As the world is grappling with climate change and management of disasters, we need to be aware of the threats that mother nature is under serious threat and may not be able to sustain us any longer. I came across a related article in the Guardian, of which I am sharing excerpts here to illustrate how serious the situation really is.
The world’s tallest animal is at risk of extinction after suffering a devastating decline in numbers, with nearly 40% of giraffes lost in the last 30 years, according to the latest “red list” analysis. The authoritative list, compiled by the International Union for the Conservation of Nature (IUCN), has also added more than 700 newly recognised bird species, but 13 of these are already extinct. It says wild relatives of important food crops, such as mangoes and sunflowers, are now in danger of extinction, cutting the ability to safeguard food supplies by breeding new varieties resilient to drought and disease. The natural world is in the midst of a mass extinction as wild places are destroyed by conversion to farmland, mining and pollution, and animals are hunted in huge numbers. In October, a major analysis found the number of wild creatures was on track to fall by two-thirds by 2020, compared to 1970.
Recent red list updates have found the eastern Gorilla and Whale Shark moving closer to extinction, while the prospects of the giant panda are improving. The number of species assessed by the red list now totals more than 85,000, with more than 24,000 at risk of extinction.“This red list update shows that the scale of the global extinction crisis may be even greater than we thought,” she said. “Governments gathered at the UN biodiversity summit have the immense responsibility to step up their efforts to protect our planet’s biodiversity – not just for its own sake but for human imperatives such as food security and sustainable development.”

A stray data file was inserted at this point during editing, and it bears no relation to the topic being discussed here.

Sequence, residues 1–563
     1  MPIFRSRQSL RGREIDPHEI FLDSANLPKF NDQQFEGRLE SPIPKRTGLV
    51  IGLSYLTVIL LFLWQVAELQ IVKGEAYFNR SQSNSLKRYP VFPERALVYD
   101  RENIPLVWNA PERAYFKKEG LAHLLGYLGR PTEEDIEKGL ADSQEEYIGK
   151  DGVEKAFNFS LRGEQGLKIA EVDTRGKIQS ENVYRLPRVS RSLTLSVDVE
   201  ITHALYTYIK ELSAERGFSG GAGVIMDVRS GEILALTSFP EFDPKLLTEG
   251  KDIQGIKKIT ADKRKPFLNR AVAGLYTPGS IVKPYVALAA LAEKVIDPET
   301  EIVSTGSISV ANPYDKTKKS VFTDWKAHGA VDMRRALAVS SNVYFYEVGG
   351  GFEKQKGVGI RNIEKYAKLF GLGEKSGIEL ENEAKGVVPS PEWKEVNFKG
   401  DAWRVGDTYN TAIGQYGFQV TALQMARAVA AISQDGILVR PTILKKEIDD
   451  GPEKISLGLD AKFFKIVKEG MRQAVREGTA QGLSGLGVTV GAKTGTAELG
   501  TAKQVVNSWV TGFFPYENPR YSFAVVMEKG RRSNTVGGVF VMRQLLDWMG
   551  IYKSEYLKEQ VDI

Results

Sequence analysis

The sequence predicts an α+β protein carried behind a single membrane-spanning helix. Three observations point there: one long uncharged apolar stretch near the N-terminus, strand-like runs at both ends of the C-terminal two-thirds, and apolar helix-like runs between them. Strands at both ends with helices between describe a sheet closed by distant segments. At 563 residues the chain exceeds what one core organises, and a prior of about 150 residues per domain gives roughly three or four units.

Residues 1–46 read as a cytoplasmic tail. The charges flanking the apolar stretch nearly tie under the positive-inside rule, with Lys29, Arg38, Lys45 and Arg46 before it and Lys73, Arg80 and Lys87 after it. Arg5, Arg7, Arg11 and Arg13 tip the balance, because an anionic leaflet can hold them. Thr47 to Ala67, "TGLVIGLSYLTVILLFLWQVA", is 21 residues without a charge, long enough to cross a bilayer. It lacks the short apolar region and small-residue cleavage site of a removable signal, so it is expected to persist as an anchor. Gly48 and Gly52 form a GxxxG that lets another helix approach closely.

The new red list found the giraffe population had plummeted from about 157,000 to 97,500 in the last 30 years and the species had jumped two IUCN categories from “least concern” to now “vulnerable”. As the human population in Africa rises, habitat loss from farming and deforestation, illegal hunting and the impact of civil wars are all pushing the creature towards extinction. It’s well known that African elephants are in trouble and there are perhaps just under half a million left. But what no one realised is there are far fewer giraffes, which have already become extinct in seven countries.”
“As our knowledge deepens, so our concerns are confirmed: unsustainable agriculture, logging, invasive species and other threats – such as illegal trade – are still driving many species towards extinction,” said Ian Burfield, global science coordinator at BirdLife.
The new red list includes, for the first time, assessments of 233 wild relatives of crop plants. It found many were threatened by the expansion of farms into wild areas. The wild relatives are a crucial source of genetic material for breeding new varieties that can withstand climate change and pests and which may be needed to help feed the world’s fast-growing population. Mangoes are a vital crop around the tropics but scientists found four wild mango species are endangered – the Kalimantan mango has already become extinct. Also in trouble are wild relatives of the sunflower, such as the Anomalus sunflower, the chickpea and asparagus. “This only erodes future options for new crop resources under changing climates,” said Thomas Lacher Jr from Texas A&M University. Separate new research lays bare the influence of humanity in transforming the planet, with scientists finding that over 50% of the world’s land area is now dominated by human activity, with 9% of this change happening in the last 25 years alone.
While 1.7m sq miles (4.4m sq km) of wild habitat was lost in the last 25 years, the researchers found that protected areas increased by 2.7m sq miles, almost doubling to cover 14% of all land. But the protected areas are often not in the most vital regions, said James Watson of the Wildlife Conservation Society and the University of Queensland. “Nations tend to place protected areas in remote locations, where nobody else is vying to convert the land. This does not help save threatened biodiversity and we must urgently start placing new protected areas in places that will be destroyed without conservation action.”
Remember that nature does not need people but instead people need nature.